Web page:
There are two basic breast implant positions when considering breast augmentation.
The breast implant positions are defined in relationship to either the breast gland or the chest muscle, or a blend of the two. A breast implant is placed either above the muscle (pectoralis muscle) or below the muscle. If the breast implant is above the muscle, it is called ‘above the muscle’, or ‘above the pectoral muscle’. Another term that may be used to describe this exact position is in relationship to the breast gland. A breast implant placed ‘above the muscle’ is also called ‘below the gland’ or the ‘sub glandular‘ breast implant position. ‘Sub’ means below. So a sub glandular implant is above the muscle.
This image above demonstrates above the muscle and below the muscle without the gland being present. The second and more popular primary breast implant position. It is called ‘below the muscle’ or ‘below the pectoral muscle’, or ‘sub pectoral’ breast implant position. Again, ‘sub’ means below. The good thing about using the muscle as the main defining point is that an implant is then it is either ‘above’ or ‘below’ the muscle. If the below prefix ‘sub’ is used, then a breast implant is either ‘sub glandular’ or ‘sub muscular’ to describe these two major breast implant positions.
Women can often be confused when subtle differences in sub pectoral breast implant positioning is added to the overall breast implant position. Terms like ‘partial sub muscular’, or ‘partial sub pectoral’ are used to more accurately describe the breast implant position. In general and simplistic terms there are two main positions to remember, above or below the muscle.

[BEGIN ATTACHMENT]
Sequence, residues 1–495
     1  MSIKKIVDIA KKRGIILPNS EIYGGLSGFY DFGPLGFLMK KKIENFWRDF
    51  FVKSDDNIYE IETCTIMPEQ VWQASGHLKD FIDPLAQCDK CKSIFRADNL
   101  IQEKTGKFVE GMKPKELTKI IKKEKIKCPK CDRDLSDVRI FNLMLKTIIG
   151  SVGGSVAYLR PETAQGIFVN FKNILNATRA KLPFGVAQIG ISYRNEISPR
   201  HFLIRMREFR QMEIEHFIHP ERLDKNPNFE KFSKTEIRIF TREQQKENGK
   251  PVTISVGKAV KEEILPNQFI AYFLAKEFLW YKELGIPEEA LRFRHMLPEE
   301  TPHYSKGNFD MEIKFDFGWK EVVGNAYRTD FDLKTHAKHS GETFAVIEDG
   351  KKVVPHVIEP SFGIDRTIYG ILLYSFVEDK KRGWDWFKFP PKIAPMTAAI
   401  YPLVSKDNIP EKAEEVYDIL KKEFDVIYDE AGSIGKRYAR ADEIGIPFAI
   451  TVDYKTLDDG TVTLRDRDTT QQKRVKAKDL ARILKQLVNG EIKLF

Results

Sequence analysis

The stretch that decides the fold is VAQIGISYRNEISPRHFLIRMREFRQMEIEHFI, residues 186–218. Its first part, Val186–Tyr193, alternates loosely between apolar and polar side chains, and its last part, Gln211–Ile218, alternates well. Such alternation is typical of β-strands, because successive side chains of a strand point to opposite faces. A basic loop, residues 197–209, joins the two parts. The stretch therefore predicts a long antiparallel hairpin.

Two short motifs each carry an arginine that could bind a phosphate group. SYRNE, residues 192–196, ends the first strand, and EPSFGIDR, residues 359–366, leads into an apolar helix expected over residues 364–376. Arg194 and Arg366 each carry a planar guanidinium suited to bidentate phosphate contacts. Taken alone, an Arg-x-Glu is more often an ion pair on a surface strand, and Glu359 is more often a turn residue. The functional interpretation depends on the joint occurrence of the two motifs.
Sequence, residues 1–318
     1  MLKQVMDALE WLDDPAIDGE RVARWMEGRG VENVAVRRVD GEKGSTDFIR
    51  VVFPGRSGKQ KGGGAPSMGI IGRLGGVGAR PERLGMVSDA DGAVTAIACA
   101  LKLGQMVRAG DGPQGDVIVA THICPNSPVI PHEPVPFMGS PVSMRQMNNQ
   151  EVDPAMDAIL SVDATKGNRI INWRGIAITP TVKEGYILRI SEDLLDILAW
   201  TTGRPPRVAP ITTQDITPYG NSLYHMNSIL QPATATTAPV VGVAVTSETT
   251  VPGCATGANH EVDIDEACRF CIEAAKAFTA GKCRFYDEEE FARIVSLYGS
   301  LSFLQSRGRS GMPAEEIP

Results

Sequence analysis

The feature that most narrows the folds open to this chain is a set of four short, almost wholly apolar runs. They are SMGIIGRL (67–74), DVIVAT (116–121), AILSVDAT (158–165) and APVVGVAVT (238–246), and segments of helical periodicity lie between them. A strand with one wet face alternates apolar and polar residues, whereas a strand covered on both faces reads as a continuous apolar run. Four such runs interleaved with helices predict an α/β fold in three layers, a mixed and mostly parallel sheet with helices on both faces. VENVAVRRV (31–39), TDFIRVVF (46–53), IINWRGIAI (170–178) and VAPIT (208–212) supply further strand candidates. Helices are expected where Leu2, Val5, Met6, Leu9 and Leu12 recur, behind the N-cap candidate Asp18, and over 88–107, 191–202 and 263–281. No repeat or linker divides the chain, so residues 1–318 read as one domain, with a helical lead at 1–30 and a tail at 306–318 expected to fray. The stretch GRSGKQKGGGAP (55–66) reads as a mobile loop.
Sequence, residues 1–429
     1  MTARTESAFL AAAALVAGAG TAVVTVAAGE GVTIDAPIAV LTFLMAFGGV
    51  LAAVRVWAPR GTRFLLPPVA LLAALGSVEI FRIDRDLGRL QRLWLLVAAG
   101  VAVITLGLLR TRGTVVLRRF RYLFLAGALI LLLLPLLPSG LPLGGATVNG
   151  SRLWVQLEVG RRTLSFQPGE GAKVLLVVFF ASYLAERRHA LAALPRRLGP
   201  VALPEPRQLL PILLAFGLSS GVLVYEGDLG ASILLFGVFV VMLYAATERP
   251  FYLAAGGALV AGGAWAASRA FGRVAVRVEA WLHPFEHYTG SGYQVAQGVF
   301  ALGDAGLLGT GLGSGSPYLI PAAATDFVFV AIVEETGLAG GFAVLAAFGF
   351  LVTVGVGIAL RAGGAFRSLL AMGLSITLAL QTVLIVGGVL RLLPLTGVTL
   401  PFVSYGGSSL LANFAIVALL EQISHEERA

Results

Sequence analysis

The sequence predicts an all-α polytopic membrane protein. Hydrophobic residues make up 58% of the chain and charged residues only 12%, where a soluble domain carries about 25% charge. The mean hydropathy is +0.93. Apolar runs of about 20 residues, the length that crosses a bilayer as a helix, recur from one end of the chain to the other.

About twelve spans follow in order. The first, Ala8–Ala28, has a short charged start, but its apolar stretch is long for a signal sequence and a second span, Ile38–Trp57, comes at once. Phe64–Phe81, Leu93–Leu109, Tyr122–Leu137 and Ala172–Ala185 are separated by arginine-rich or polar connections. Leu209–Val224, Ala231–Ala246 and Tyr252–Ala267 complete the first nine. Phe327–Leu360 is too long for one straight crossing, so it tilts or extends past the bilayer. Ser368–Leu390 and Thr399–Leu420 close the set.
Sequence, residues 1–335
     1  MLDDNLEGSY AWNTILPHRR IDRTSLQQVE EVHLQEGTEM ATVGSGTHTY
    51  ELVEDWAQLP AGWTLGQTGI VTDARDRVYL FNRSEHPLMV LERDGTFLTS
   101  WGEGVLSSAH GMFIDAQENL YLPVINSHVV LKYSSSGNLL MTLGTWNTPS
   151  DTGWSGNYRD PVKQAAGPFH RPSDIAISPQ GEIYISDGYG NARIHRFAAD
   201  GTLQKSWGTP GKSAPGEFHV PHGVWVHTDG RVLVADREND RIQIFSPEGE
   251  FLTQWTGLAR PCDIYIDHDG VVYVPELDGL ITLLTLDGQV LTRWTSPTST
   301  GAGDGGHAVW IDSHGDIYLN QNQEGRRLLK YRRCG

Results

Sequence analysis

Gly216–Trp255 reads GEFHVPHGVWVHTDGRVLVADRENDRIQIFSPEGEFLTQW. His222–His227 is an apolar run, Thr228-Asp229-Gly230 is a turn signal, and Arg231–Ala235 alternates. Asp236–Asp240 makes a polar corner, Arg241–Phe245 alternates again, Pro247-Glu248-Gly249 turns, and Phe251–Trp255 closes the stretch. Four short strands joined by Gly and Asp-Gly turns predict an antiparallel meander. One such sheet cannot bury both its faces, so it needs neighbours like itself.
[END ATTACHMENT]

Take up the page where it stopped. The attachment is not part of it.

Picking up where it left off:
The more specific terms describing the sub muscular breast implant position vary with every plastic surgeon. Partial sub muscular breast implants means that the chest wall muscle was released from the chest wall to insert the breast implant and to improve the aesthetic breast result. Nearly all breast implants are ‘partial sub muscular’. Whether any of the muscle or the degree of muscle release is determined by the plastic surgeon and will vary for every woman. When no muscle is released, the breast implant will usually remain high on the chest and not fall. Complete muscle coverage may sound best but in reality, it is not nearly as predictable or suitable for most women.
When the pectoral muscle is released to position the breast implant, the implant will settle at the lowest point of the breast. The lowest point of the breast is usually at the inframammary fold. At the inframammary fold, the breast implant will be covered only by the breast gland and skin. So the upper part of the breast implant is below the muscle and the lower edge of the implant is below the gland. This is why it is sometimes called ‘partially sub pectoral’.
Breast implants placed above the muscle are below the gland. If a woman does not have a lot of natural breast tissue or poor skin quality, the breast implant may become visible over time. It will be able to be felt much easier than the other breast implants position. This breast implant position is used if a woman has the correct breast characteristics. She would need good skin, and plenty of breast gland to hide the implants.
Breast implants placed below the muscle provide an extra layer of tissue coverage. This makes it less likely to be seen. Breast implants placed below the muscle can still be felt over time. The breast implants are usually felt along the outer side of the breasts. The may be felt along the bottom or inframammary fold. Below the muscle usually will provide a better, longer lasting result with less skin stretch than the above the muscle position.
Woman who would like a breast lift and breast implants, can have the breast implants either above or below the muscle.